In the wake of the historic Presidential visit to Indian country by President Barack Obama and First Lady Michelle Obama, Senator Heidi Heitkamp [D-ND], talked to ICTMN about being the receiving Senator of the day.
Soon after the President and First Lady arrived in North Dakota, Heitkamp joined them on Marine One and made their way to the Standing Rock Sioux celebration in Cannon Ball where the President and First Lady met with tribal leaders, talked with Native youth and enjoyed a powwow celebration.
Heitkamp also had an opportunity to speak at length with the Obama’s to share her concerns about Indian country and her recent initiatives to include her cosponsored legislation to support Native American language immersion programs and her first Native American Veterans Summit to connect Native vets with resources, support, and benefits.
For more information about Senator Heitkamp, visit www.heitkamp.senate.gov
Last week [week of June 13] was quite a week for Indian country.
The country got some insight into a powwow announcer.
You were the receiving Senator of the President and First Lady. How did that feel?
We shared such a concern for all of these issues. I was proud to show him the great traditions that we have down in Standing Rock. I was proud to be part of the day but this really was about a day for the Standing Rock Sioux Nation.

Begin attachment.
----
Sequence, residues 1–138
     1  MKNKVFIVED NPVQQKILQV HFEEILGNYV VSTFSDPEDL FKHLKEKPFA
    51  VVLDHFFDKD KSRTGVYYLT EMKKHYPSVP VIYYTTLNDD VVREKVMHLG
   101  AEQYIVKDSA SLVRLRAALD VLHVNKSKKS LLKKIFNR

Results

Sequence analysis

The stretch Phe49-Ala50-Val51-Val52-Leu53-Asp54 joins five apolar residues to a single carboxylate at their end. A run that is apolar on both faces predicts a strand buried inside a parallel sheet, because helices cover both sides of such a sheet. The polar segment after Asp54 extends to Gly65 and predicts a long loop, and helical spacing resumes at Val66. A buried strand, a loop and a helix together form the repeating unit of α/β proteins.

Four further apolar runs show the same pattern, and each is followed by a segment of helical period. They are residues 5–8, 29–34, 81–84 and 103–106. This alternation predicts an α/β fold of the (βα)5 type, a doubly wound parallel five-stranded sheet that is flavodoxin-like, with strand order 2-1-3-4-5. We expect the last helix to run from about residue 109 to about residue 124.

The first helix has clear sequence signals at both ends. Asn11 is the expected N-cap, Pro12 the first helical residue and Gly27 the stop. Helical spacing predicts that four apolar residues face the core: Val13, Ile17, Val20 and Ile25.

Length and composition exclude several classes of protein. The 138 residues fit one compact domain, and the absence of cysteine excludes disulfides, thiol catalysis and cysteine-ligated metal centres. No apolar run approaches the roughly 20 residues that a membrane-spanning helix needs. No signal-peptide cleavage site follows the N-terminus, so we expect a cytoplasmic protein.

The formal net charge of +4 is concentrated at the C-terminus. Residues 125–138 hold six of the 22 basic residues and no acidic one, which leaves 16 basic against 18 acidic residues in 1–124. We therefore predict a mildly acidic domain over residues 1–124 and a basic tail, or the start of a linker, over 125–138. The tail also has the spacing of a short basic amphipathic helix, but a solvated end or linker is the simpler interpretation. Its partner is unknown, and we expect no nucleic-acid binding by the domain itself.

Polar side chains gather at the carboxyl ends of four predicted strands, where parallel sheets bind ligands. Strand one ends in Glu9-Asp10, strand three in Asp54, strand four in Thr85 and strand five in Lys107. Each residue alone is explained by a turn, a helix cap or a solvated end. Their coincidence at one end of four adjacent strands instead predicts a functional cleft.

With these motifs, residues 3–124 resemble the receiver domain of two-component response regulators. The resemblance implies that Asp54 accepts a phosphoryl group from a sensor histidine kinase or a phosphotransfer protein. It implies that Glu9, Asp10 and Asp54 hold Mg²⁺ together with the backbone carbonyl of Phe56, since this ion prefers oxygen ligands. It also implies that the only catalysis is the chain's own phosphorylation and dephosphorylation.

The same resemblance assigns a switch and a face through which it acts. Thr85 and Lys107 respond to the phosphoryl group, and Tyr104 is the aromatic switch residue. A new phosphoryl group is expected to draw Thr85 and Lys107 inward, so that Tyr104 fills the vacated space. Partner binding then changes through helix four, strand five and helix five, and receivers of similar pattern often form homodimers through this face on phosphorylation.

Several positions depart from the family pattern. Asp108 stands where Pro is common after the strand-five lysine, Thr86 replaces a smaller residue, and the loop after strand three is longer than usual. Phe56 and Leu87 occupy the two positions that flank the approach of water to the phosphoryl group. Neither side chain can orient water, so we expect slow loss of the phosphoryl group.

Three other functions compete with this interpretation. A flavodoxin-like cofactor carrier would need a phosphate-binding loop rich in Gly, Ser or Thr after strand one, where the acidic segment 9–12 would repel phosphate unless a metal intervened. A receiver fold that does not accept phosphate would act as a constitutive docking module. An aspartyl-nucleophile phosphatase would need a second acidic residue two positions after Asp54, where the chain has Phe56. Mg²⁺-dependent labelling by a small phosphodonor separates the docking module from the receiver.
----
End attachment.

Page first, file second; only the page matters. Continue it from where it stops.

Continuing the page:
Yes, I was there and I was given a chance to participate, but what I really appreciated was how respectful they were of tribal sovereignty.
What types of things did you talk about with the President and First Lady – including the issues of course, but anything else?
I spent a lot of time visiting with the President about Native American housing, I think that is one of the critical issues and concerns that we have regarding how we are going to revitalize and improve conditions for Native American people.
I also spoke about the critical need to not only build more housing, but we need to destroy the housing that I think is dangerous to kids, such as houses with black mold. We need to make sure those homes are replaced.
We also spent a lot of time talking about education and the need for nutrition, including some of the work that the First Lady is doing in keeping our kids healthy.
We also gossiped a little bit about the Senate. (laughs)
Can you tell me any gossip? (Laugh in return)
No, I am not telling you that.
Was this the first time you've met them both at the same time?